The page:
5. Education, Training, and Information 

Cooperatives provide education and training for their Members, elected representatives, managers, and employees so they can contribute effectively to the development of their cooperatives. They inform the general public - particularly young people and opinion leaders - about the nature and benefits of cooperation. 

6. Cooperation among Cooperatives 

Cooperatives serve their Members most effectively and strengthen the cooperative movement by working together through local, national, regional and international structures. 

7. Concern for Community 

Cooperatives work for the sustainable development of their communities through policies approved by their Members. 

These values were created by the International Cooperative Alliance (ICA) to help cooperators run their businesses more efficiently and effectively. The Statement on the Corporate Identity values was internationally agreed upon. 


Main types of Cooperatives 

A growing number of people in Canada and around the world are recognizing the benefits of taking part in a cooperative. Though there are many unique cooperatives, here are the main five types you can take part in: 

  1. Consumer cooperatives: They provide their Members with goods and services for their personal use. This contains both retail cooperatives and service cooperatives.  Examples: Food, Credit Unions, housing, insurance cooperatives, etc. 


  2. Worker cooperatives: Members are both the employees of the business as well as owners of the cooperative.  Examples: forestry, bakeries, retail stores, tourism, etc. 


  3. Producer cooperatives: Some cooperatives process and market their Members' products and services directly. Other producer cooperatives may lessen costs and strain on input necessary to their Members' economic activities, with a mutual benefit for the producer. Examples: Agriculture cooperatives, advisory services, etc. 

  4. Multi-stakeholder cooperatives: The Membership of these cooperatives is made of different categories of Members who share a common interest in the organization.  Examples: home care services, health services, community services, etc. 

  5. Housing cooperatives: These types of cooperatives allow for the opportunity to share costs of home ownership or a building ownership. Examples: condominiums, rentals, etc.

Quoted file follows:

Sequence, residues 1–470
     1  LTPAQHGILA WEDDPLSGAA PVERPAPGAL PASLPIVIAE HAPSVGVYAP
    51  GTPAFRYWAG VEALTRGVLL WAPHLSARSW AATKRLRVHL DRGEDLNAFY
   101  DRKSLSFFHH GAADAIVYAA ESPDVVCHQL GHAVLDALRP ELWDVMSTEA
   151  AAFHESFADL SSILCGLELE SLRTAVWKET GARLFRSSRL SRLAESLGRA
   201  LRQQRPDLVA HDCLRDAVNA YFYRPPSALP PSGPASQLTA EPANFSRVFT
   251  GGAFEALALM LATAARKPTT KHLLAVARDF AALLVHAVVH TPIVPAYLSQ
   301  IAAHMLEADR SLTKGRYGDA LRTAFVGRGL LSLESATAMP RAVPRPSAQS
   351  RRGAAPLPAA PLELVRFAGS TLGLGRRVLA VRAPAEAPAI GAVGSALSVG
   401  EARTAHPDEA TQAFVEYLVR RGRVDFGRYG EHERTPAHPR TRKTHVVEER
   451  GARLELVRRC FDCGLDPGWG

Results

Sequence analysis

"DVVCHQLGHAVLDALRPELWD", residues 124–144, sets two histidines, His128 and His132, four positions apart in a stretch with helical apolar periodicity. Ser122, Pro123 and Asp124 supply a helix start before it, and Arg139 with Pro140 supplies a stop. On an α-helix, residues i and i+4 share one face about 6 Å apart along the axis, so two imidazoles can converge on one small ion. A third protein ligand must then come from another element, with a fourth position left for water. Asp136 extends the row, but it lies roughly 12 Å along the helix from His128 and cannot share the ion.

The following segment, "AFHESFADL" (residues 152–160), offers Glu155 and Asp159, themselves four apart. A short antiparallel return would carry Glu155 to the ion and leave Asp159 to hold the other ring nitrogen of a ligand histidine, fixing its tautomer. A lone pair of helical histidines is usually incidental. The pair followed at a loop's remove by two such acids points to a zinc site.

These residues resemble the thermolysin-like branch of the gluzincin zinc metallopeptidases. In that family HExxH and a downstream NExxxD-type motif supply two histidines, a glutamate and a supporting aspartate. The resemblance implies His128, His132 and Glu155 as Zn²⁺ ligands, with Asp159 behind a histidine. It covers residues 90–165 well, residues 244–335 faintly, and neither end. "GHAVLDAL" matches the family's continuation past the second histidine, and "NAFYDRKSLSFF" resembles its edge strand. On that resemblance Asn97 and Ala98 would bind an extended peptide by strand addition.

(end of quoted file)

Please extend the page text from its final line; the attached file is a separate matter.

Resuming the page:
Now that you are familiar with cooperatives and what they are, we can answer your question! 

What is Co-op Week, and why do we celebrate it? 

Co-op Week is when we acknowledge the impact cooperatives have in our communities and the highlights and accomplishments they have achieved. Co-op Week is celebrated annually in the third week of October. We celebrate Co-op Week with events hosted in communities across the country to improve understanding and awareness of the cooperative business model.  


You now know what Co-op week is, but don't stop reading just yet! Here are a few fun facts about cooperatives and Westman Communications Group! 

Three Fun Facts About Cooperatives:  

  1. Cooperatives employ about 10% of the world's population.  
  2. There are about 9,000 Cooperatives and Credit Unions in Canada, with over 500 Cooperatives located in Manitoba.  
  3. Cooperatives exist in virtually every economic sector, from agriculture, retail and financial services to housing, childcare, funeral services and renewable energy.  


Three Fun Facts about Westman as a cooperative:  

  1. Westman Communications Group supports over 80+ initiatives throughout the Westman communities annually.  
  2. Every year, Westman offers an exclusive giveaway and other special offers for Members that have been with us for 5+ years.  
  3. Westman offers up to $17,000 annually in scholarships to over 30 high schools in the communities that Westman serves.  


Happy Co-op Week 2021 from your friends, 


Back to: Westman Blog

If you have any comments or questions, or you have a topic that would make a good blog post, please email us at